When Karrington Kenney, a 16-year-old junior and vice president of the Black Student Union (BSU) at Milpitas High School (MHS), posted a friend’s recording of history teacher David Carter’s Halloween costume, it wasn’t to score any humor points on the internet.
For she — along with many of her peers — didn’t find any of it funny.
Carter, a history teacher, wore blackface on the job last year as part of his Halloween costume of rapper-activist Common. Kenney posted the video on Twitter, which was viewed by thousands, including Common himself.
The incident launched a public outcry and accusations of racism, a schoolwide discussion on the history of blackface, and several public apologies from Carter.
“How can an adult not know better than to not do something like this?” Kenney asked.
Kenney has never shied away from speaking up. It’s hard to miss the student, as she’s often taller than many of the adults standing near her.
This weekend, however, adults will be looking up to Kenney in a different way: She’s part of a handful of women speakers — and by far the youngest — who will speak at Saturday’s Women’s March in San Jose.
“I’m honored,” said Kenney. “I’m excited for the experience with a lot of powerful women marching for empowerment. It’ll definitely be something amazing.”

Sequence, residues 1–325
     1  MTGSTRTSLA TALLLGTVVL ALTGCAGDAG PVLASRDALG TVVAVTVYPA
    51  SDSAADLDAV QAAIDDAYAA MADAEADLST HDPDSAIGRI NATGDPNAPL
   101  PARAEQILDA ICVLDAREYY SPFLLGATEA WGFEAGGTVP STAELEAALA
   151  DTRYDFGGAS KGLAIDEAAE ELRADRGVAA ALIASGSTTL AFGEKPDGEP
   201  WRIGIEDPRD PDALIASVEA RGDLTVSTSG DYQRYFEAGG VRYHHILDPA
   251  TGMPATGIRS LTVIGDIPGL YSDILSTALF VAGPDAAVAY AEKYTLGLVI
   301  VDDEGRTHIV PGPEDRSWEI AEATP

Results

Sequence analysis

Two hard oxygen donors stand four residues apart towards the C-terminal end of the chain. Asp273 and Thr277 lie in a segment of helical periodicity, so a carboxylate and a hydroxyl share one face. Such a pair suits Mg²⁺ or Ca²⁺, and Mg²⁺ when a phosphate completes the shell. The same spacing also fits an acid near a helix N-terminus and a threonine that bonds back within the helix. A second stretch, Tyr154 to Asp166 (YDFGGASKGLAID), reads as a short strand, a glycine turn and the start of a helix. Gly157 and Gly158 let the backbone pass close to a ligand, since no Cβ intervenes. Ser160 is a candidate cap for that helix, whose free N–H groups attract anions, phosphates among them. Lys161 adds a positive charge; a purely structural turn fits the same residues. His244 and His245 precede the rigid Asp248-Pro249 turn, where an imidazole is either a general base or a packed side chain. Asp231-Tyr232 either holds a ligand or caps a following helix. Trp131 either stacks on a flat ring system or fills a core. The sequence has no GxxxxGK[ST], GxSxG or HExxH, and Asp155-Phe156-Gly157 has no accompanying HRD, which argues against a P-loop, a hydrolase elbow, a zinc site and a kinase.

Kenney said she plans to speak about her experience both empowering and being empowered by women. She’s looking to encourage people to speak up whenever they see injustice.
“I’m for justice, for everyone, no matter who it’s for. What’s right is right and what’s wrong is wrong,” she said. “I’ll be the first person to speak up if you say something rude to someone or if I see something that’s genuinely not right, and I think there should be more of that.”
Kenney was present at a Women’s March sign-making event sponsored by Milpitas Councilmember Karina Dominguez, who herself spoke at the 2019 Women’s March. The two met earlier in the day, where the councilwoman said Kenney was one of her “she-heroes,” and commended Kenney on her “boldness” and bravery.
“What an amazing thing to have one of our own be part of a march, and Karrington is going to be on a stage in front of over 20,000 people,” praised Dominguez. “We’re all so proud of her.”
As for Kenney, she says she’s encouraged by what she’s seen in the student body since she first spoke out against Carter’s behavior. She continues to be an active BSU member, and often coordinates and choreographs performances for the club — all the while encouraging her peers. Kenney says she’s noticed some students being “more careful” with their words since the October incident — even if their favorite rapper uses them.
It’s something she attributes to her willingness to speak out, and she encourages others to do the same.
“Speak your truth even if it’s not the same as what the other person is thinking,” Kenney said. “Your opinion counts.”
And it might change enough opinions to give you a platform of 20,000 people.
Said Kenney, “I’m open to seeing the changes in people.”
The South Bay’s edition of the 2020 Women’s March will take place on Saturday at 11am. The march’s route will begin at San Jose City Hall and will end with a rally at Arena Green. Kenney is slated to speak at the event.